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Commission urges action to level up rural communities

North Yorkshire’s Rural Commission, the first of its kind nationally, has called on local and national Government and key agencies to take forward recommendations in a hard-hitting report, launched today to bring about levelling up for rural communities. The Commissioners, who are experts in rural affairs, have drawn up a series of radical actions to transform the region into one that has more young people, has a thriving rural economy and is fully connected.

Their report “Rural North Yorkshire: the way forward” was launched at the Great Yorkshire Show to an audience of key stakeholders, including representatives from the Department for Culture, Media and Sport as well as the Environment Agency, housing associations, charities, community agencies, landowners, business and the National Farmers Union among others.

The Lord Lieutenant of North Yorkshire, Jo Ropner, also attended and commended the report.

The Commission is strongly of the view that devolution is a priority to achieving effective levelling up for rural and remote North Yorkshire.

The Commission believes that central government must ensure additional powers and funding for the devolved authority so that it has real capacity within the region for decision-making and control of significant funding.

Commissioners told stakeholders today that a key recommendation would be for the devolved authority to establish a Task Force that would include civil servants, rural business, banking and industry, academic and scientific expertise, and local communities to advise and help implement the recommendations of the report.

The Rural Commission was established as an independent body in autumn 2019 by North Yorkshire County Council to re-examine the evidence base and draw conclusions and recommendations which would help these most rural communities address the challenges and grow and prosper.

A key challenge for rural North Yorkshire is the missing generation of young people who do not live and work in the region. The Commission has estimated that if North Yorkshire had the same percentage of younger adults per head of population as nationally, there would be over 45,500 additional younger working age adults living in the county than there are today and North Yorkshire would be £1.5 billion better off annually.

The Very Reverend John Dobson DL, Dean of Ripon and also chair of the Commission said: “At the heart of this report is the fundamental belief that people are the greatest asset in North Yorkshire. They build community, economy and a good life. The missing generation of younger workers in the county hinders the ability of North Yorkshire to achieve the full potential of an effective economy.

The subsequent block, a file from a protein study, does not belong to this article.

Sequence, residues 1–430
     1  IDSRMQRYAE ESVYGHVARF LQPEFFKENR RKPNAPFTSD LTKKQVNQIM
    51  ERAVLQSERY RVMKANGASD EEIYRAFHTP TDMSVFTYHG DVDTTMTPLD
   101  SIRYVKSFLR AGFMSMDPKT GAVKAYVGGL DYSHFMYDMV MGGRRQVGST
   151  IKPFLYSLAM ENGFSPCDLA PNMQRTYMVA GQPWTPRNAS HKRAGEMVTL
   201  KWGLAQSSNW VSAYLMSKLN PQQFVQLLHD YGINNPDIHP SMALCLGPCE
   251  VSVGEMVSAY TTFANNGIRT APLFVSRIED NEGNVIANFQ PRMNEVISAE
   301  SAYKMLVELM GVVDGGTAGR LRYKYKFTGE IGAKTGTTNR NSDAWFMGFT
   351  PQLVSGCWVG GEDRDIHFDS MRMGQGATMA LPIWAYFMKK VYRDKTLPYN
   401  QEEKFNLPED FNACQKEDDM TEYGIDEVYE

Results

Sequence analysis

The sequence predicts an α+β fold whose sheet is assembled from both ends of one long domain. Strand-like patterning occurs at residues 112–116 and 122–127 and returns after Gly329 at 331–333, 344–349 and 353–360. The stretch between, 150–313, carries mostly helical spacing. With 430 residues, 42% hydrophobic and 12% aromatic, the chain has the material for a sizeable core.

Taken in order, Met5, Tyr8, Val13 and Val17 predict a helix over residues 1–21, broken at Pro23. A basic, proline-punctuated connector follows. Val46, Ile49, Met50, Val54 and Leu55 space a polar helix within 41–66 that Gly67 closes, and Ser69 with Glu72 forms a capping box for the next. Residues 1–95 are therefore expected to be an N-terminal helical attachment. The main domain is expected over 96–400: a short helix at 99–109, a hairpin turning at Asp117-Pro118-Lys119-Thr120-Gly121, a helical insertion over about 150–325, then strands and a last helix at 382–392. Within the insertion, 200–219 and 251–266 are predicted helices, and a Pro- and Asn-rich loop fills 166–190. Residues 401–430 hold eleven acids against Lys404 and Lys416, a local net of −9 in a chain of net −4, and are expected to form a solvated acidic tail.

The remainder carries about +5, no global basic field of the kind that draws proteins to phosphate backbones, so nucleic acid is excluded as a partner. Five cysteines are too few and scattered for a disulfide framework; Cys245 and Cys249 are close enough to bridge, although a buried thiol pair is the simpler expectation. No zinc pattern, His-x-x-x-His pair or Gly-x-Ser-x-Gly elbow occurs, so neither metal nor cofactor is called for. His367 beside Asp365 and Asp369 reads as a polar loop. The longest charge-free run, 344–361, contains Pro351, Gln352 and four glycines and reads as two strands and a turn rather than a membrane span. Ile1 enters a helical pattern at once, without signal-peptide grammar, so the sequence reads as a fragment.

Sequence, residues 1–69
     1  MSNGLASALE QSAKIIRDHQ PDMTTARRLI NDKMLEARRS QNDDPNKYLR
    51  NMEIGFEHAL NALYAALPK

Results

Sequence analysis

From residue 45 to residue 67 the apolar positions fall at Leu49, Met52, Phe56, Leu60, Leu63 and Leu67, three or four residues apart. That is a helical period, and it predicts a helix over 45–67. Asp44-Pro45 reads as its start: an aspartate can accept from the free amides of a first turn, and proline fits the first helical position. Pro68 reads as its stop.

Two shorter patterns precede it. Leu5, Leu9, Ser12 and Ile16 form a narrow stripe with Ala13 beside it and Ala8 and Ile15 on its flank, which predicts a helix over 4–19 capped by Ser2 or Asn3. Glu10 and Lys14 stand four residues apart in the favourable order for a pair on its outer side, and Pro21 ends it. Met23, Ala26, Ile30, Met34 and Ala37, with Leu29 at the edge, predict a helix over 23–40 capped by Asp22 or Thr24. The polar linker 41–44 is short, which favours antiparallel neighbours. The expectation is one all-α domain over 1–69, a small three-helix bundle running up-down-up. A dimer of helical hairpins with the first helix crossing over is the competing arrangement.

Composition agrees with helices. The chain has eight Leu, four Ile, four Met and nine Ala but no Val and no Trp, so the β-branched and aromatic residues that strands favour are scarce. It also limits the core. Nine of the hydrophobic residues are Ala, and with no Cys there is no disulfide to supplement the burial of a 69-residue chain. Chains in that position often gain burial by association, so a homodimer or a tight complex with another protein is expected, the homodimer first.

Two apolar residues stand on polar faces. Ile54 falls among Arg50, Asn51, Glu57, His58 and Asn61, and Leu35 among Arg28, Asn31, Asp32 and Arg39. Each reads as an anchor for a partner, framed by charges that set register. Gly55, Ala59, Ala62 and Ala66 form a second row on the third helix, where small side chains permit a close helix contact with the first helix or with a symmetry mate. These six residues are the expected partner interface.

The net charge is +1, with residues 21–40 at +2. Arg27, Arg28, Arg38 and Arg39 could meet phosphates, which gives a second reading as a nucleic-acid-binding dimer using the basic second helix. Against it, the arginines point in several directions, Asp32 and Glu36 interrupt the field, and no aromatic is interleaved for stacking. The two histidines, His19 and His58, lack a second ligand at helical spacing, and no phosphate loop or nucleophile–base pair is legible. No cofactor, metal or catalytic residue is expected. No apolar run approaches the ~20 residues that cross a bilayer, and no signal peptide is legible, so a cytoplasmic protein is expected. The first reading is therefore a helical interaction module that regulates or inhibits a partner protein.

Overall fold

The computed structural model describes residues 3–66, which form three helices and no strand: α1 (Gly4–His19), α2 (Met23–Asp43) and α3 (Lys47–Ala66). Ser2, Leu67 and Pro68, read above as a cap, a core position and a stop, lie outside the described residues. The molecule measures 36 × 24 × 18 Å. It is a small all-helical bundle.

“This missing generation relates to all of the themes examined by the Commission; unaffordability of housing for this age group, school closures because of lack of demand, the people to drive a forward looking green economy, depleting services because of declining population, and a skewed older age group. North Yorkshire needs a strong devolved authority to tackle the problems faced by its rural and remote areas.”

County Councillor Carl Les, North Yorkshire’s Leader said: “We set up the Rural Commission as an independent body so they could  look with fresh eyes at the many problems that have troubled our rural communities for years.  We thank them for their hard work, their months of sifting evidence, visiting communities and discussions with key figures and agencies in rural affairs and joining up the thinking into one report.   

“The Commissioners’ recommendations are rightly challenging, for us at the County Council  as for other agencies and Government departments.  Nevertheless it is pleasing to see that the Commission does recognise work that the County Council has done, and that the pursuit of devolution is the right thing to do.”

The Commission examined a broad range of subjects on seven key themes - farming and land management; schools, education and skills; transport; jobs and the economy; digital connectivity; housing and energy transition. 

Throughout their report Commissioners have raised difficult and hard policy questions to be addressed:

  • Affordable rural housing must become a reality rather than an aspiration and this will require more houses in rural and remote areas rather than on the edges of market towns. The Commission believes it is possible to achieve this objective without compromising the region’s beauty.
  • Tackling climate  change is a priority for the county. The Commission firmly supports the region’s ambition to become a ‘green lung’ and to lead on employment in the green economy and a revolutionary energy transition.
  • Farming needs radical change to be sustainable for the future.
  • Digital connection underpins many of these ambitions. The Commission believes that digital connection must be understood as a human right.
  • The region has considerable wealth and the Commission sees a mutual bank as a means for intra-county investing in levelling up sparse areas. Often smaller initiatives seeking seed funding have less success with mainstream banks.

It is the Commission’s belief that this type of future rural North Yorkshire will flourish, attract rural North Yorkshire’s missing generation who will bring vibrancy, energy, and vision to the region. It will mean that current policy problems such as school closures will be reduced significantly.